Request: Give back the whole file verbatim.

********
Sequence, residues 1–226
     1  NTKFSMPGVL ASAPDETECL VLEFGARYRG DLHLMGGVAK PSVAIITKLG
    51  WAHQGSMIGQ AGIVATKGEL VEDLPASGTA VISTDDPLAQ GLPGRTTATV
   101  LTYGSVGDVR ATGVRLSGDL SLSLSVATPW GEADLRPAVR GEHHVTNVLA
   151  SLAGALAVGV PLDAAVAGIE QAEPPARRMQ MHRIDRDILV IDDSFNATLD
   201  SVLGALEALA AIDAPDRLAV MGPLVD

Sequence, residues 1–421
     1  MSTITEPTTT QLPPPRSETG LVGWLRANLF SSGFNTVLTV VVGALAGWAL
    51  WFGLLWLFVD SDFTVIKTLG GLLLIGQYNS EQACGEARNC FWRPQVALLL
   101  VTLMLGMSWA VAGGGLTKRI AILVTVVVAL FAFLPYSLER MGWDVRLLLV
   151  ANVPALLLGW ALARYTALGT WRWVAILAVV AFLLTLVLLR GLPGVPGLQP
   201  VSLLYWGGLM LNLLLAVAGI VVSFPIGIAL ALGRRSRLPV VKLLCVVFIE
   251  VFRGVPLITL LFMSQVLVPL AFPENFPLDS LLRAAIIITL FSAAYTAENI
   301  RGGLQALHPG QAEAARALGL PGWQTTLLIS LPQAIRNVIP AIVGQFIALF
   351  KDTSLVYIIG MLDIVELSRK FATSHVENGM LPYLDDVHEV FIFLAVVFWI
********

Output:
Sequence, residues 1–226
     1  NTKFSMPGVL ASAPDETECL VLEFGARYRG DLHLMGGVAK PSVAIITKLG
    51  WAHQGSMIGQ AGIVATKGEL VEDLPASGTA VISTDDPLAQ GLPGRTTATV
   101  LTYGSVGDVR ATGVRLSGDL SLSLSVATPW GEADLRPAVR GEHHVTNVLA
   151  SLAGALAVGV PLDAAVAGIE QAEPPARRMQ MHRIDRDILV IDDSFNATLD
   201  SVLGALEALA AIDAPDRLAV MGPLVD

Sequence, residues 1–421
     1  MSTITEPTTT QLPPPRSETG LVGWLRANLF SSGFNTVLTV VVGALAGWAL
    51  WFGLLWLFVD SDFTVIKTLG GLLLIGQYNS EQACGEARNC FWRPQVALLL
   101  VTLMLGMSWA VAGGGLTKRI AILVTVVVAL FAFLPYSLER MGWDVRLLLV
   151  ANVPALLLGW ALARYTALGT WRWVAILAVV AFLLTLVLLR GLPGVPGLQP
   201  VSLLYWGGLM LNLLLAVAGI VVSFPIGIAL ALGRRSRLPV VKLLCVVFIE
   251  VFRGVPLITL LFMSQVLVPL AFPENFPLDS LLRAAIIITL FSAAYTAENI
   301  RGGLQALHPG QAEAARALGL PGWQTTLLIS LPQAIRNVIP AIVGQFIALF
   351  KDTSLVYIIG MLDIVELSRK FATSHVENGM LPYLDDVHEV FIFLAVVFWI